No matter what the state decides, Clay won’t be a sanctuary county

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House and Senate Republicans support passing a ban on so-called sanctuary city policies, but differences between the chambers are stalling final passage of one of Gov. Ron DeSantis’ top legislative priorities.

The House early Wednesday substituted its proposed sanctuary-city ban for a Senate version of the bill. Before the House decision, Sen. Travis Hutson, said such a move could potentially send the “whole thing up in flames.”

“I would support either bill addressing illegal immigration, but the Senate is in better position to pass the Senate bill,” Hutson said.

The Senate version (SB 168) narrowly passed the upper chamber last week and then went to the House. After making the substitution early Wednesday, the House will take a vote and send the bill back to the Senate. Ultimately, lawmakers would need to reach agreement on a final version by the end of the week.

The House proposal, in part, includes tougher sanctions for policymakers who don’t fully cooperate with federal immigration authorities. The House plan would allow local-government employees and elected officials to be suspended or removed from office, and local governments could be fined up to $5,000 for each day they have sanctuary-city policies in place.

The House also wants to allow people to bring wrongful-death lawsuits against local governments if their loved ones are killed or injured by undocumented immigrants as a result of local sanctuary-city policies.

Regardless of what happens in Tallahassee, Clay County will turn over anyone who’s in the country illegally over to federal authorities, sheriff Darryl Daniels said.

I have an obligation to this constituency to ensure that, if folks were coming to my county illegally and committing crimes, that I did all that I could to get those people out of my county,” Daniels said in 2017. “If [getting criminals] out of the county means they have to get deported back to another country, then so be it,” Daniels said. “I have no issues there.”

The Clay County Sheriff’s Office has four officers who have been deputized by U.S. Immigration and Customs Enforcement. Clay is one of only five of Florida’s 67 counties that have a deputized ICE agent at the jail. Others include Jacksonville (Duval), Collier, Pasco and Hernando.

Once a person is booked at the Clay County Jail, if they are suspected of being in the country illegally, they are taken to a designated ICE office within the jail to be screened. A federally-trained deputy will search for their name, fingerprints and pictures through Homeland Security.

Anyone who is in the country illegally who’s caught in Clay County will be turned over to ICE for deportation, the sheriff’s office said.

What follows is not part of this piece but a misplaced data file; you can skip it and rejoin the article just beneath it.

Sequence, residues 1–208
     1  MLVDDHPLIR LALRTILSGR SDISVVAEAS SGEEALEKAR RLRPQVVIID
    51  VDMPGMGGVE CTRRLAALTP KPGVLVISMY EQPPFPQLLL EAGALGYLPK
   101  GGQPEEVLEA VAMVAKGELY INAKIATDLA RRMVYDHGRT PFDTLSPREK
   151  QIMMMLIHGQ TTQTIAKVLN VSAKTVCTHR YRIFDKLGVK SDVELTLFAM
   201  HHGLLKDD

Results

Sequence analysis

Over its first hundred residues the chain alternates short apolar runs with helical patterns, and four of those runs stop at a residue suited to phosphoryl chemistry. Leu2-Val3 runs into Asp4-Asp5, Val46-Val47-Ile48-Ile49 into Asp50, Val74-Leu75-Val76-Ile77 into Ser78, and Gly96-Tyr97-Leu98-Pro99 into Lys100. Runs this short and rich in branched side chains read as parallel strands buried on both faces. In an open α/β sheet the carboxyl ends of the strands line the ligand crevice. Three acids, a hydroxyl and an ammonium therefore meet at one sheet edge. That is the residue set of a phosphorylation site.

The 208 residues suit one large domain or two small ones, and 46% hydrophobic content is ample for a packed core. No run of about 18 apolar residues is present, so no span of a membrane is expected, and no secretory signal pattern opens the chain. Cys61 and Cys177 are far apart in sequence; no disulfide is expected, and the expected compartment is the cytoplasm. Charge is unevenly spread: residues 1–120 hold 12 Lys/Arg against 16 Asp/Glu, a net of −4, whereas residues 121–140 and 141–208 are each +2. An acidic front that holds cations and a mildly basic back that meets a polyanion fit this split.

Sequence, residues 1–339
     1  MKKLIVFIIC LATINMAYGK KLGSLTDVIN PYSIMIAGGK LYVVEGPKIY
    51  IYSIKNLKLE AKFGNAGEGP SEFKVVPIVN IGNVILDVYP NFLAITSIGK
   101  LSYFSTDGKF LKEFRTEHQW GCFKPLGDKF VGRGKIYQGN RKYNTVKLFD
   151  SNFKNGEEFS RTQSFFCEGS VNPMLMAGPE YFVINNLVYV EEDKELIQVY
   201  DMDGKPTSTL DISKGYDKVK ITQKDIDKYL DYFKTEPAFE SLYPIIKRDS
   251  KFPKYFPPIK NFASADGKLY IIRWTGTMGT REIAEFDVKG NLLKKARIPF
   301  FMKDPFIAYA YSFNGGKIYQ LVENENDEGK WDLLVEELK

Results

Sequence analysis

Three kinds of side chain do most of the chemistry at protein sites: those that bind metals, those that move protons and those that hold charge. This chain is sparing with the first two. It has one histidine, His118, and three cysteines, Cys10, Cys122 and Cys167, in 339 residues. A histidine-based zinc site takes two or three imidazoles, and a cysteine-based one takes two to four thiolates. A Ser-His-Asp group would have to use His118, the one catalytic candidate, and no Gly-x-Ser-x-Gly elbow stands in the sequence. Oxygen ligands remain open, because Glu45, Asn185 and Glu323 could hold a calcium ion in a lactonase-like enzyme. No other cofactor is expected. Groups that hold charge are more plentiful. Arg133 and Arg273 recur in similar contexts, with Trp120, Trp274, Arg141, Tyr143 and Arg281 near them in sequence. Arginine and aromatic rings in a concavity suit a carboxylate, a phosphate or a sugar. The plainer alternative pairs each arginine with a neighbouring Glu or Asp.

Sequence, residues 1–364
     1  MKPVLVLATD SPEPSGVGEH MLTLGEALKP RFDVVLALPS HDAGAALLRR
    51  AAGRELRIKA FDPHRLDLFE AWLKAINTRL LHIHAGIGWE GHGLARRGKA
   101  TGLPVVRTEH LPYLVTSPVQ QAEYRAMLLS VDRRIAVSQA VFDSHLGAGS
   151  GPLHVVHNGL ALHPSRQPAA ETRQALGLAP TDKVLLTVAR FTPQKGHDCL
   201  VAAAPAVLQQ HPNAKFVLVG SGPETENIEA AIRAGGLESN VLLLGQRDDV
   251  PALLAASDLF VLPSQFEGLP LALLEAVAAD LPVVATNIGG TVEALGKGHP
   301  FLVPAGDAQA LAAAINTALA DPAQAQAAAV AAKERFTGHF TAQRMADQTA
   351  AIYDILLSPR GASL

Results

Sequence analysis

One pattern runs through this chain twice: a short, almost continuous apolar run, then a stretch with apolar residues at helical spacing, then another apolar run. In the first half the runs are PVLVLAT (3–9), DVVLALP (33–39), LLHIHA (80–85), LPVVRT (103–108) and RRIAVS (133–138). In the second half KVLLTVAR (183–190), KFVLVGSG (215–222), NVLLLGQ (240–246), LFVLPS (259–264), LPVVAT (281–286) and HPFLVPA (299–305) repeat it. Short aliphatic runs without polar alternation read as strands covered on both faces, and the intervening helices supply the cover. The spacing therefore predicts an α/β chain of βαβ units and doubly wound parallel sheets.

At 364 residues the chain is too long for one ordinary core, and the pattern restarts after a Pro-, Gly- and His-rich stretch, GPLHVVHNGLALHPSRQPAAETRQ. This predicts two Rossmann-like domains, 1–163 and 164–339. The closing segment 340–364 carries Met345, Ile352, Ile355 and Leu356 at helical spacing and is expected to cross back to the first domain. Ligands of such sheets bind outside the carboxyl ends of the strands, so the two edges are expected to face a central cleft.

The Senate has only agreed to give enforcement authority to the governor, who would be allowed to remove local officials from office, and the attorney general, who would have the power to bring civil actions against local governments.

On the side of caution, Hutson said he would like to maintain support for the Senate bill. That sentiment was echoed by Sen. Manny Diaz Jr., a Hialeah Republican who has been a constant target by opponents of the bill and is wary of federal programs that deputize local law-enforcement officers to perform the duties of federal immigration agents.

Senate bill sponsor Joe Gruters told The News Service of Florida he is well aware of concerns some senators have and understands that it may be difficult to pass the House proposal in its entirety in the Senate.

Oliva, however, is not a fan of the Senate’s weaker sanctions and a “carve-out” for employees who work at the state’s child welfare agency from fully cooperating with federal immigration authorities. He said the carve-out for the Florida Department of Children and Families creates a “sanctuary department within the state.”

“Such a great irony for a bill that is seeking to make sure everybody cooperates with law enforcement,” the Miami Lakes Republican told reporters on Monday.

When the House sends the bill back to the Senate, Gruters said he remains “confident we are going to salvage it,” even though he remains concerned about time running out in the legislative session.

The sanctuary city issue has been one of the most-controversial issues of this year’s legislative session. Such proposals have died in recent years in the Legislature, but DeSantis has made the issue a priority.

Ana Ceballos covers politics and policy. Before joining the News Service of Florida, she wrote for the Naples Daily News and was the legislative relief reporter for The Associated Press and covered policy issues impacting immigration, the environment, criminal justice and social welfare in Florida. She holds a B.A. in journalism from San Diego State University. After graduating in 2014, she worked as a criminal justice reporter for the Monterey Herald and the Monterey County Weekly. She has also freelanced for The Washington Post at the U.S.-Mexico border covering crime in the border city of Tijuana, where she grew up.

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